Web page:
Acacia sieberiana var. woodii- Paperbark thorn

The Acacia sieberiana is arguably one of our most magnificent Acacias. As a garden subject this tree is truly spectacular, with it’s wonderful wide spreading flattened crown of deep green feathery foliage, the attractive papery bark and a profusion of white to yellowish scented flowers, this distinctive tree deserves to be planted more extensively in our urban environment. In South Africa, the Paperbark thorn occurs naturally in woodland, wooded grassland and along river banks. Being evergreen and drought resistant, Acacia sieberiana is also the ideal tree for street planting in our hot and dry climate.


Botanical Name: Acacia sieberiana – var. woodii
Common Name: Paperbark thorn
Genus: Fabaceae
RSA National Tree No’: 187


This beautifully shaped tree with it’s perfectly flattened crown and unique bark is a striking addition to any medium to large garden. Allow space around the tree to maximise the impact of the Paperbark thorn’s remarkable shape. On a large property or in a park, five or six trees may be planted fairly close together forming an impressive group. As with so many of our indigenous trees, the Acacia sieberiana is an excellent choice for those who wish to attract a variety of birds to their garden. Pied and crested barbets make nesting holes in the tree whilst the flowers lure beetles, bees and butterflies, attracting insectivorous birds such as the bar throated Apolis as well as white bellied, black and collared sunbirds.


Height: 8-15m
Spread: 12m
Deciduous/Evergreen: Evergreen
Growth Habit: Acacia sieberiana occurs in bushveld, wooded grassland and along river banks.
Bark: The bark is creamy tan to yellow brown and inclined to be corky. Papery bark peels off in flattish strips revealing yellow underbark.
Foliage: The Acacia sieberiana has fine, feathery, deep green foliage. The branchlets are densely hairy with white spines and leaves with 8-28 pairs of pinnae, densely hairy to hairless; leaflets 12-40 pairs per pinna; petiolar glands are present at the base of upper pinnae pairs.
Flowers: The flowers are creamy to pale yellow globose heads that are sweetly scented and appear in profusion in Spring.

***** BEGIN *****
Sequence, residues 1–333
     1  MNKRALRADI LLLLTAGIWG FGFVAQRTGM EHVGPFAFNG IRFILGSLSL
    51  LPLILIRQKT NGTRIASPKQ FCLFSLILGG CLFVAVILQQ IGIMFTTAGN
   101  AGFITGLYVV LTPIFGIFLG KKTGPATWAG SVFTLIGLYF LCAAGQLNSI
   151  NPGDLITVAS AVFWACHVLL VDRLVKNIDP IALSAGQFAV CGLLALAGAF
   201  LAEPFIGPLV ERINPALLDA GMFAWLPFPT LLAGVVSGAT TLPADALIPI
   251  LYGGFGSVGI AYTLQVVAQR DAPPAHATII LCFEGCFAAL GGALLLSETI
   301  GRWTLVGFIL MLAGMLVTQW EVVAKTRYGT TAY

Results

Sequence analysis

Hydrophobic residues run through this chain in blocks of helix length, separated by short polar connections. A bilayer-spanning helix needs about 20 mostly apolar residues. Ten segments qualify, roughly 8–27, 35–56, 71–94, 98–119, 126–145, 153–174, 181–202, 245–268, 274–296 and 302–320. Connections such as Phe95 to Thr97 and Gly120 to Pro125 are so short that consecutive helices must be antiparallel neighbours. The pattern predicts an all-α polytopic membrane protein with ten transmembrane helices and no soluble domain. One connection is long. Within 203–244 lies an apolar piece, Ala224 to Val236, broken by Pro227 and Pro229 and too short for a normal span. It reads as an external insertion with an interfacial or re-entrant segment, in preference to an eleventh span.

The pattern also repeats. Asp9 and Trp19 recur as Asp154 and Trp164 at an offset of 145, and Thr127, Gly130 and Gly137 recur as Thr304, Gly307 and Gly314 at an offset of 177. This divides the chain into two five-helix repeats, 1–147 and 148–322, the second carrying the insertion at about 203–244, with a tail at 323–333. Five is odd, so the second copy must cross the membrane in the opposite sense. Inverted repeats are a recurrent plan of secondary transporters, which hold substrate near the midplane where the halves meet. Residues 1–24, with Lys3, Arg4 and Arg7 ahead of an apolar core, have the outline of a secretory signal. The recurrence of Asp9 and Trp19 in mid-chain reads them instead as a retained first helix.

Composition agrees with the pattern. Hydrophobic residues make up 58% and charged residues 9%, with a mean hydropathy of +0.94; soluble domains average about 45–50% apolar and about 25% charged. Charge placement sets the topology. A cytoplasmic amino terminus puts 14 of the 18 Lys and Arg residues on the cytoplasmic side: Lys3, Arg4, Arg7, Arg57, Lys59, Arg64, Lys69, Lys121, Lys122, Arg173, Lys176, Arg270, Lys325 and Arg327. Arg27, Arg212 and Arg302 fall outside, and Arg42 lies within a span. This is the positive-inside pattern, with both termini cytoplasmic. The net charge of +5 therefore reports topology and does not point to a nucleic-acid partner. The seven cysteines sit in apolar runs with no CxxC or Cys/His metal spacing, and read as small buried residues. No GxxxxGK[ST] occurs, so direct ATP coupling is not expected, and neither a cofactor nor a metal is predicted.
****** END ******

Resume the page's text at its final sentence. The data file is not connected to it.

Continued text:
Fruit: The pods, which appear from March, are yellowish brown, thick, woody and straight and are often covered with velvety hairs. The musty scent of the pods is attractive to livestock and game.
Seed: The seeds are similar to small black beans and are released after the pods have fallen to the ground.


Growing regions: The Acacia sieberiana is widely distributed throughout South Africa, Zimbabwe, Swaziland, Northern and Eastern Botswana, Northern Namibia and tropical Africa North to Ethiopia.
Growing conditions: The Paperbark thorn enjoys a sunny position. Plant the tree in a large hole filled with a generous mixture of compost, kraal manure and garden topsoil and water well in the beginning.
Best season: Spring
Hardiness: This lovely tree is ideal for dry areas with only a little frost.
Propagation: To propagate, soak seeds in water before planting into ordinary garden soil.

Growth rate: Fast – approximately 1 ½ metres per year.


Throughout Africa the tree has traditionally been valued for it’s medicinal properties. The leaves, bark and resin are used for a variety of ailments including inflammatory conditions and chest complaints. The edible gum makes an excellent adhesive whilst twine, made from the inner bark is used to thread beads. The wood is widely used for tool handles and mortars.